Adam Memon

Corbynomics: A path to penury

Corbynomics: A path to penury
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The expansion of capitalism and free markets in recent decades has led to incredible economic and social progress; the fastest fall in extreme poverty in human history, rising life expectancy and plummeting levels of global hunger. Jeremy Corbyn’s anti-capitalist economic programme seems simply to ignore that history of success. The premise of Corbynomics is therefore that free market capitalism has failed in the UK with sectors ranging from energy to housing showing that markets cannot function to the benefit of society. This is deeply misguided.

As John Maynard Keynes once said, this is 'an extraordinary example of how, starting with a mistake, a remorseless logician can end up in bedlam'. Of course many markets are not functioning as we would like them too. More often than not the fault rests with poorly targeted and excessive state intervention, and anti-competitive corporatism. Many markets need to be reformed but increasing state power, control and ownership is the antithesis of the reforms that are needed. In areas from tax policy to monetary policy, Corbynomics can only lead to chaos and calamity.


One of the key elements of Corbynomics is a massive programme of nationalisation in the pursuit of greater 'public ownership'. It almost goes without saying that Corbyn wants to nationalise the railways. In addition, energy and banking can be added to the list, along with a number of other industries, probably including water. It is not quite Hugo Chavez walking down a street on live TV and yelling “Expropriate!” at various high street shops but it is clear that Corbyn envisions a significant extension of direct state ownership of British businesses. Undoubtedly many markets are not working well for consumers; prices are too high and choice is restricted and there is clear public dissatisfaction. For example, recent disturbing YouGov polling showed that 58% of people supported renationalising the railways, water companies and other utilities compared with 17% opposed.

However, the reality is the state is already heavily intervening in these markets. Network Rail which controls rail infrastructure is already in government hands and as Tony Lodge argued so effectively in Rail’s Second Chance, enabling much greater competition to flourish across the UK rail network is the real way to cut prices and raise passenger satisfaction. Energy has effectively become a public private partnership and as Rupert Darwall explained in Central Planning with Market Features, we are now getting the worst of both worlds; state control of investment funded by the high cost of private sector capital. The water market has functioned almost entirely devoid of competition through an assortment of what have effectively been regional monopolies. The water market needs to be unleashed through an array of policies including extending retail sector competition, increasing water trading, and abstraction reform.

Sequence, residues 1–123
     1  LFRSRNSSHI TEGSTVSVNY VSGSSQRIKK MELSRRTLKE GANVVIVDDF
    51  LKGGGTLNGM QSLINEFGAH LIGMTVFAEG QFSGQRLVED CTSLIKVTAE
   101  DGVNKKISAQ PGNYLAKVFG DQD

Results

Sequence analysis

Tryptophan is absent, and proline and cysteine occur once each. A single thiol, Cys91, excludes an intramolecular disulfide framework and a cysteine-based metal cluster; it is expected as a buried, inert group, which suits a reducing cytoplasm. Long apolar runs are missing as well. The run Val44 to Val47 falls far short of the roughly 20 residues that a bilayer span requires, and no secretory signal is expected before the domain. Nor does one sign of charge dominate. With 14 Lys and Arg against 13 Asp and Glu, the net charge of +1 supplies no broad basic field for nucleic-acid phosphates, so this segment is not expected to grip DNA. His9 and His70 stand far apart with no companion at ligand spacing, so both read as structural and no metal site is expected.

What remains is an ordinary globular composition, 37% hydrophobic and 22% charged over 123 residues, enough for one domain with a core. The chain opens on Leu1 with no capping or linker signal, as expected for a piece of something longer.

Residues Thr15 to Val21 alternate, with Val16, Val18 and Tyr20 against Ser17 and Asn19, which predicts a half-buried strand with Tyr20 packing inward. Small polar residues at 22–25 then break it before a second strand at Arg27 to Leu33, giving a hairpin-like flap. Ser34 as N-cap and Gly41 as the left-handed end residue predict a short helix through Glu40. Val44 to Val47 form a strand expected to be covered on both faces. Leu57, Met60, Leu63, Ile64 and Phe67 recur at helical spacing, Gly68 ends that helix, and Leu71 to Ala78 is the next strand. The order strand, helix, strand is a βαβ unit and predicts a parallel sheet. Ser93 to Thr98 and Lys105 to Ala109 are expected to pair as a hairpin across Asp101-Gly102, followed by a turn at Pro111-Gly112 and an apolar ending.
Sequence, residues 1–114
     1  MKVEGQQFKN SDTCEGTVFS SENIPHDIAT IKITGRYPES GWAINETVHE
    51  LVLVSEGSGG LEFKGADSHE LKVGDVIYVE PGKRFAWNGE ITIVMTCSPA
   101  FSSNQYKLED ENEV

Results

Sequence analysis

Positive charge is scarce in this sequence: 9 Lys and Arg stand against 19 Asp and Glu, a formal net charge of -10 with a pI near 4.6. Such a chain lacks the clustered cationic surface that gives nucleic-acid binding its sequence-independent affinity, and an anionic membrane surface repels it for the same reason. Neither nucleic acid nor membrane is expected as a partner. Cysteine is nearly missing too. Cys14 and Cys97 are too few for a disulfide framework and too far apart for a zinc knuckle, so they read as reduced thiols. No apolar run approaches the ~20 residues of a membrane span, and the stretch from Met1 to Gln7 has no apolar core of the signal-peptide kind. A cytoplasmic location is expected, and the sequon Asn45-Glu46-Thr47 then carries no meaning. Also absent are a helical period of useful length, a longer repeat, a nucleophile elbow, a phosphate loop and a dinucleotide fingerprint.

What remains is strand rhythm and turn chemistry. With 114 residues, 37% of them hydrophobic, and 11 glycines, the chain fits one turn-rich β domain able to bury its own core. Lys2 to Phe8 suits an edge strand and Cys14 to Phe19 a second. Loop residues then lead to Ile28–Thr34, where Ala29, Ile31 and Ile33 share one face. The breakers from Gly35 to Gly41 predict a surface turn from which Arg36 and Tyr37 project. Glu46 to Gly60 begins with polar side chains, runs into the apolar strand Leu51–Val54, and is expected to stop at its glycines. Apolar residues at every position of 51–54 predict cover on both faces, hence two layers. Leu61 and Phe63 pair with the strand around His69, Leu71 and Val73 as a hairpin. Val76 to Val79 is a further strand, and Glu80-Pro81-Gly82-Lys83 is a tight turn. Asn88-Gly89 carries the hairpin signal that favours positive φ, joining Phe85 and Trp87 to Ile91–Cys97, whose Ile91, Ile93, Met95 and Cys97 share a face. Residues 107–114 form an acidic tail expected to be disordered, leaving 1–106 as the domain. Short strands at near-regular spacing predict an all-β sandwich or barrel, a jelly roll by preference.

Assuming that Corbyn doesn’t simply intend to steal these assets, nationalisation of swathes of industry would cost an infeasible amount and in the case of energy it could amount to £185 billion. Even if this money can be conjured from thin air, the long history of failure when it comes to nationalisation should ward off any sensible politician. Chronic underinvestment, slowing innovation, higher prices and less choice will follow.

Tax Rises

The next stage of Corbynomics is the set of proposals for big tax rises on income and capital. Higher corporation tax rates would be seriously damaging to investment, employment and productivity. Corporation taxes are either passed on in higher prices or lower wages, employment or profits (and lower profits, of course, mean less investment and slower growth in the future). Corbyn has proposed setting the top income tax rate at 60% or more. Higher income tax rates almost certainly wouldn’t raise any more revenue but would carry the risk of damaging entrepreneurship and deterring foreign investors.

Yet Corbynomics assumes that increasing taxes is just a simple matter of redistribution from the rich to the poor. The dynamic effects on incentives and efficiency are of paramount importance but seemed to have been ignored. Perhaps the most egregious element of his tax plan is when it comes to tax avoidance and evasion. He claims he will be able to raise £120 billion from cracking down on dubious tax practices but as Jolyon Maugham has pointed out, he could never hope to raise anywhere near that figure. Ultimately, Corbyomics proposes fantasy spending based on fantasy tax revenues. As David Martin has shown, the best way to reduce tax avoidance is to substantially simplify the tax code to remove inefficient discounts, reliefs and exemptions. Effective tax reform can increase productivity but destroying work incentives through absurdly high marginal tax rates will not.